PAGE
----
What’s More Valuable than Your Soul?

Truth forces us to choose…

We meet Nicodemus in John, chapter three. He’s impossible to forget. He’s a moral man, a prominent religious leader among the Jews. He holds a powerful place in his community as a member of the Pharisees and the Jewish ruling council.

In spite of his lofty religious position, he was drawn to Jesus. He had seen the miracles and heard the teaching. He had to find out for himself. Were the Pharisees correct? Was Jesus an imposter? Or was Jesus the real thing?

Late one night, after dark, Nicodemus discreetly visited Jesus. He had much to lose. Aligning himself with Jesus would cost him his powerful position in the community. More than that, a follower of Jesus faced a very real risk of losing his life as well as the lives of his family members. To talk to Jesus was to jeopardize everything. Still, Nicodemus had to know. He approached Jesus, saying, “Master, you must be a teacher sent by God.”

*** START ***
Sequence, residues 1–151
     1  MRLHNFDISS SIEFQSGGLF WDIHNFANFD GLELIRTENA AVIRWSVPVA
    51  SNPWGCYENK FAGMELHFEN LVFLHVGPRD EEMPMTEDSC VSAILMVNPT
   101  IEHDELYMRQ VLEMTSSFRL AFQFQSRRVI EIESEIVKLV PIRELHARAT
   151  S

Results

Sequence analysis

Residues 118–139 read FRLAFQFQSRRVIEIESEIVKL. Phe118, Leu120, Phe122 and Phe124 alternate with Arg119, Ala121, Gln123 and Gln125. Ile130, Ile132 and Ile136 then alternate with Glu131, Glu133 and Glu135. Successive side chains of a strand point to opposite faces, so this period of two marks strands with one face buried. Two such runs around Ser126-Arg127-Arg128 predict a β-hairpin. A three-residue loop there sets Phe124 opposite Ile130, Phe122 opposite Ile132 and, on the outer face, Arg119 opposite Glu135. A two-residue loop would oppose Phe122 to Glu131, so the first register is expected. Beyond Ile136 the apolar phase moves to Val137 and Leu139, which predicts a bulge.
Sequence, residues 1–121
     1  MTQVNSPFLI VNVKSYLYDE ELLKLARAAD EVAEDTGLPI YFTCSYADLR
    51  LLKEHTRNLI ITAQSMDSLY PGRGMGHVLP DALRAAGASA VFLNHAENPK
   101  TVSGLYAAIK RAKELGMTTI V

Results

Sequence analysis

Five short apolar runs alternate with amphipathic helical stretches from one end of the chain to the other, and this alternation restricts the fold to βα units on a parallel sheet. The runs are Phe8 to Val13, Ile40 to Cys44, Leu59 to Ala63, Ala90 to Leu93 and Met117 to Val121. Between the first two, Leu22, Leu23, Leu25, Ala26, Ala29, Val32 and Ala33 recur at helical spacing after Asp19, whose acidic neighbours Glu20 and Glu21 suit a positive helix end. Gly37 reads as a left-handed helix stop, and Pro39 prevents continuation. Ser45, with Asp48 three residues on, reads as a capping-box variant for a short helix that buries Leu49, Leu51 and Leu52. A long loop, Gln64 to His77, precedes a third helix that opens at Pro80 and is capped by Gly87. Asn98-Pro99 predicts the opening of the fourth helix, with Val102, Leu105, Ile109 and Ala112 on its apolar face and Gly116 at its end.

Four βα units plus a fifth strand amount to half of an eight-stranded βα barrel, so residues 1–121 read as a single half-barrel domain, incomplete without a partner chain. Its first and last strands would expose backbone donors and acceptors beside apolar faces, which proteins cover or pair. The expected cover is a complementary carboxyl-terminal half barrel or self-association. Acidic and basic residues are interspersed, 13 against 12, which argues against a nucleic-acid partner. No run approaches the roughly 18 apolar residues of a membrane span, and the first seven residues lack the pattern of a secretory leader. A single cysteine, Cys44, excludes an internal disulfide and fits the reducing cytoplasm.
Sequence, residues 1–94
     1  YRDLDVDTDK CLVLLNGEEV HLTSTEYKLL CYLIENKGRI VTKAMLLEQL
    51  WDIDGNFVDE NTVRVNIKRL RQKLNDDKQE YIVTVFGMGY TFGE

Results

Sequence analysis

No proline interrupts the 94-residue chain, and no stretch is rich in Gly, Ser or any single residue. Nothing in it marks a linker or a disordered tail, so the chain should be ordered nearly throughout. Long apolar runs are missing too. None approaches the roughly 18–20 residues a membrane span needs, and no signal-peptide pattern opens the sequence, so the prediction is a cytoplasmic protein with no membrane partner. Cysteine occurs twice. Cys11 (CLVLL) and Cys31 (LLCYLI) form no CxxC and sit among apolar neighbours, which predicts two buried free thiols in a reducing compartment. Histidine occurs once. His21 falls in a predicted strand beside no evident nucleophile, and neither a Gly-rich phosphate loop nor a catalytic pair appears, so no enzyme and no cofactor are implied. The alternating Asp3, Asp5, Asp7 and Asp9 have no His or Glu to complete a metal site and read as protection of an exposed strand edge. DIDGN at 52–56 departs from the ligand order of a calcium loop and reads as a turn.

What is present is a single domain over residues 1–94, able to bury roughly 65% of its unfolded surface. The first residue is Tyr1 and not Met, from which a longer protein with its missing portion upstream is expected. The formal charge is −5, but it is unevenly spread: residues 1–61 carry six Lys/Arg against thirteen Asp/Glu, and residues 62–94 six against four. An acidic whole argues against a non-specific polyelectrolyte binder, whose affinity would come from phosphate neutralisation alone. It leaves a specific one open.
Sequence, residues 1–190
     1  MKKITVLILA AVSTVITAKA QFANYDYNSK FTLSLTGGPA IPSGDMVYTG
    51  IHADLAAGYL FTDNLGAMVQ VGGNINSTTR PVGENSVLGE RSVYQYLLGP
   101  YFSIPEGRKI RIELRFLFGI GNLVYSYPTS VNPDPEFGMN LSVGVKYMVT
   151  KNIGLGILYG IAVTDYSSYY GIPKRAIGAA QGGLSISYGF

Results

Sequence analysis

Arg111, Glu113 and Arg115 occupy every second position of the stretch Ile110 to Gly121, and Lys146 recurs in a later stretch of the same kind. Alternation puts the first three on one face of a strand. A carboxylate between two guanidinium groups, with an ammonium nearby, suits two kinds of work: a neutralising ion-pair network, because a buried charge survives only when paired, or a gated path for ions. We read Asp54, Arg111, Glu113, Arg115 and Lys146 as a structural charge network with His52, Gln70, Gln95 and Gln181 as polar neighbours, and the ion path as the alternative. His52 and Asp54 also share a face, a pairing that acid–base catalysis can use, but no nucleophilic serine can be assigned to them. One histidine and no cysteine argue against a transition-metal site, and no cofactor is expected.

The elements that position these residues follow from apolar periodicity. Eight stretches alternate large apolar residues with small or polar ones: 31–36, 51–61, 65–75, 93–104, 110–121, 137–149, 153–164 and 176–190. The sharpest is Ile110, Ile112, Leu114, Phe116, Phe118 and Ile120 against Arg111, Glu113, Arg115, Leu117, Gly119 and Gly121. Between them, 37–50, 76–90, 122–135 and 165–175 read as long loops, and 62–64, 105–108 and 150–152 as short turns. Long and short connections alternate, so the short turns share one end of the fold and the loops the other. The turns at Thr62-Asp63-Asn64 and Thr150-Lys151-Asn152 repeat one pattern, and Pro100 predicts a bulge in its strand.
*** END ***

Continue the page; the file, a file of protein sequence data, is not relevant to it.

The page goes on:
As usual, Jesus responded in an unexpected way. “Jesus answered, ‘Nicodemus, listen to this eternal truth: Before a person can perceive God’s kingdom realm, they must first experience a rebirth’” (John 3:3).

Jesus blew Nicodemus’s mind by saying he must be born again. What is born of flesh is fleshly. To be spiritually alive, we must be born again by the Spirit. The need to be saved, to be born again, to be reconciled to God through Jesus, is an eternal truth.